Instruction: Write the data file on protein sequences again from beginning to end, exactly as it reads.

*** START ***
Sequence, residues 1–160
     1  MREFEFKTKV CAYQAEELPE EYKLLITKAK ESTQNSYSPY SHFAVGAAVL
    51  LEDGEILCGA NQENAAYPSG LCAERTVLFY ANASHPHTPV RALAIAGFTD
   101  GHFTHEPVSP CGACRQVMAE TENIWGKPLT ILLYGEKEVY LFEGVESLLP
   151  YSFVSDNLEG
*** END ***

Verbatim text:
Sequence, residues 1–160
     1  MREFEFKTKV CAYQAEELPE EYKLLITKAK ESTQNSYSPY SHFAVGAAVL
    51  LEDGEILCGA NQENAAYPSG LCAERTVLFY ANASHPHTPV RALAIAGFTD
   101  GHFTHEPVSP CGACRQVMAE TENIWGKPLT ILLYGEKEVY LFEGVESLLP
   151  YSFVSDNLEG